Bracing for Convulsions in Caracas

CARACAS, Venezuala – The ear-splitting explosions came ripping through the quiet about 5:30 this morning. BA-BOOM!! BA-BOOM!!, BA-BOOM!! – every few seconds right outside the window, followed by a crack-crack-crack-crack that through the haze of sleep sounded for sure like machine-gun fire.

But those of us living here in the downtown bureau know better and within a few seconds we were clear that this was no gun fire, but a wild dawn fireworks display being launched from the top of a building beside the state oil company, PDVSA, a few blocks away.

The election is just a few days out now, and we’ve all been sensing a uptick in street tension between
Chavistas and opposition backers on the street. . . . But what the hell? Full-blown fireworks at five in the morning?!

Cutraro, the photographer, came out of the back bedroom like he’d been awake the whole time. “Are you guys hearing this?” he asked. “Somebody’s trying to pull some shit out there! This is more than

Hearn, in a hammock slung across the newsroom, was already awake. “Definitely, something’s up,” he said. “It’s just too constant. That’s an expensive show out there, it’s too constant for somebody on the street to be doing it.”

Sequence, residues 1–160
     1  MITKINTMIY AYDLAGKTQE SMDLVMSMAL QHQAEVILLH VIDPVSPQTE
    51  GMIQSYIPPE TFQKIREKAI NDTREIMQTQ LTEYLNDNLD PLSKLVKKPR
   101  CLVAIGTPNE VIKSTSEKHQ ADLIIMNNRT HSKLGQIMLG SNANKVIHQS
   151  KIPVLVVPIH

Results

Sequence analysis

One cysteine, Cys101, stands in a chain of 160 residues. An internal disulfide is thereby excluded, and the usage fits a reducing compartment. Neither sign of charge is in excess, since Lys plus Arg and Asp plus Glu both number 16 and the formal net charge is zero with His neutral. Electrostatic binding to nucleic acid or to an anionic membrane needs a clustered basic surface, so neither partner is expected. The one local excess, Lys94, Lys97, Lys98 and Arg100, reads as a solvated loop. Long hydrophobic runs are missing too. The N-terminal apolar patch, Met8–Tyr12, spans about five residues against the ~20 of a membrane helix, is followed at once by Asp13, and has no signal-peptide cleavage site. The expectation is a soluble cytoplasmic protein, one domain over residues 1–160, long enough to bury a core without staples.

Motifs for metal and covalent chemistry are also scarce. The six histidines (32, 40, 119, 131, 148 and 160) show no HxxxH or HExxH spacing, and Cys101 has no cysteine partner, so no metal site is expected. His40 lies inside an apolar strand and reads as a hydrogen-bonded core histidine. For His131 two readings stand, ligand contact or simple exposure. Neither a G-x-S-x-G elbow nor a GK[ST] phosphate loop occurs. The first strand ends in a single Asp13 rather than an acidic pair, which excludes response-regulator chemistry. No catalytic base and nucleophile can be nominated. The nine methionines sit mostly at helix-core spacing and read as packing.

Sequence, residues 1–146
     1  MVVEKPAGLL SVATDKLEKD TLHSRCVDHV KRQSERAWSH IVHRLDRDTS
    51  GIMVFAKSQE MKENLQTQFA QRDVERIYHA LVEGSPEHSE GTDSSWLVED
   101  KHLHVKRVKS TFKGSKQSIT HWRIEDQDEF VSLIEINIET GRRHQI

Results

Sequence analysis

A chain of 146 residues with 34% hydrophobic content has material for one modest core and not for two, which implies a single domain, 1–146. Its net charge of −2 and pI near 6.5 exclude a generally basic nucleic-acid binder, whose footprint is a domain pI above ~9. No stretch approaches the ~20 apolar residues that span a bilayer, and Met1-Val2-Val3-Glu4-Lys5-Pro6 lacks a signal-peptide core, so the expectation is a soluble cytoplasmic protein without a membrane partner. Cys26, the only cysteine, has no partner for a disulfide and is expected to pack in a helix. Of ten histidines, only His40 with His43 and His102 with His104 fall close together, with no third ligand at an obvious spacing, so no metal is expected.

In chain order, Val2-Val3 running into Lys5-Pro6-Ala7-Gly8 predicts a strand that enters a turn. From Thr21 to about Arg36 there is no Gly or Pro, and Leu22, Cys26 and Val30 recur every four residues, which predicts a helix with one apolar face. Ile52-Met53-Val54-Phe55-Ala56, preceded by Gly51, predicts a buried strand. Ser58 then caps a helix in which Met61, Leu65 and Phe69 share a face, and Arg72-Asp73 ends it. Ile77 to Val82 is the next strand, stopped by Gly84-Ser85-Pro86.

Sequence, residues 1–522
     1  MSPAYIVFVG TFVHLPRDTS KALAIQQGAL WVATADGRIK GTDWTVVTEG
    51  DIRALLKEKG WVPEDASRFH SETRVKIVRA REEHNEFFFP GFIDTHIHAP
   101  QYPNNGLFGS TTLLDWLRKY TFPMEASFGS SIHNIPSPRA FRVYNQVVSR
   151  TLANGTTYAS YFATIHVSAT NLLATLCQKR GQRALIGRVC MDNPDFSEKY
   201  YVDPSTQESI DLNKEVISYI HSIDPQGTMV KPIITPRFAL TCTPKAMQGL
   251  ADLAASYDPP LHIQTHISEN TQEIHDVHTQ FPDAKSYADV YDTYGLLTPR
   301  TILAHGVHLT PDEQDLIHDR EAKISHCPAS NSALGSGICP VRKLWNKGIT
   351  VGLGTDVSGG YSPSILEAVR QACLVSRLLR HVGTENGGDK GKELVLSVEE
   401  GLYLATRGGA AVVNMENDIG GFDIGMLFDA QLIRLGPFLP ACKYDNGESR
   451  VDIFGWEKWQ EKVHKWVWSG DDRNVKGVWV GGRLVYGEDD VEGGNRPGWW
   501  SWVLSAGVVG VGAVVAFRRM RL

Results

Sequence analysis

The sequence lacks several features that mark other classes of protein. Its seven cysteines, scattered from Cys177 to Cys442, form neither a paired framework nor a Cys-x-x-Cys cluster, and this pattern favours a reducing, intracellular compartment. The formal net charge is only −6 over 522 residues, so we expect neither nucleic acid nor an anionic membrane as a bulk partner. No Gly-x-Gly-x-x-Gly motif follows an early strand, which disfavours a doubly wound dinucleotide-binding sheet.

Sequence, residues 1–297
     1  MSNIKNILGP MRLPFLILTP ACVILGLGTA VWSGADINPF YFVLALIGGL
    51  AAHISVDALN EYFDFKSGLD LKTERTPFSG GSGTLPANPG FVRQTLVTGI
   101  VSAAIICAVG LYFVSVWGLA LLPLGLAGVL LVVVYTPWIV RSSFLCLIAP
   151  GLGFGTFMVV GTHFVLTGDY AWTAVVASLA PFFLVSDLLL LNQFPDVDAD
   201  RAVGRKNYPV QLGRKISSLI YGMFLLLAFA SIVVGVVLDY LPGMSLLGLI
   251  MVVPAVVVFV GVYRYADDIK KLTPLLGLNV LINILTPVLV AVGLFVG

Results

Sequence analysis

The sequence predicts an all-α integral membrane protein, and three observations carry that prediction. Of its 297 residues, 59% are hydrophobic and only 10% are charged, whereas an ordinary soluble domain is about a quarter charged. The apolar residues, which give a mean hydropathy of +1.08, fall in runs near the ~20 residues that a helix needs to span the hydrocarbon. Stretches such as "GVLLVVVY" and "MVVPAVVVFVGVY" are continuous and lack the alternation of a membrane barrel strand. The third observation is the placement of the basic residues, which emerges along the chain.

“Maybe Fidel finally kicked it,” said Taylor, rolling over on a bed in the corner. “They’re celebrating
cause the reins area gonna be passed to Chavez this weekend.”

We peered out the window. Crack-crack-crack. BA-BOOOM!!!

As the sky turned lighter, Cutraro was back in the bedroom scanning the news channels, but no word. Around 6:00, after a half hour, it began to subside. But the occasional thunderous pops still rattled the windows. We decided to try and ignore it. Get some more sleep. After all, the transition of power – the election – is the weakest point in any Democracy, and this is Democracy Venezuela-style.

Four hours later we are in a super market doing what the U.S. Embassy suggested on Wedensday that Americans here do: stock up on water, food and meds. We were not the only ones. Supermarket workers told us the race was on to prepare for what could be a major convulsion over the weekend. As Hearn was buying fruit, a stooped old lady sampled the produce and overheard him asking questions about the election. She told him she expected chaos. “Ojala que no,” he said, “God willing
not.” She raised her finger, scowling. “No, God willing. If we sit back and do nothing Chavez will
make this like Cuba, with no rights. If some people have to die to keep that from happening, then it must happen.”

WPR contributors Kelly Hearn and Andrew Cutraro contributed to this post.

Further reading: Chávez Marches On By Guy Taylor, Prospect Magazine; Chávez’s Latest Enemy: Beer Trucks By Kelly Hearn, The Christian Science Monitor: Uruguay, Argentina Governments Revisit ‘Dirty War’ Crimes By Kelly Hearn, World Politics Review.

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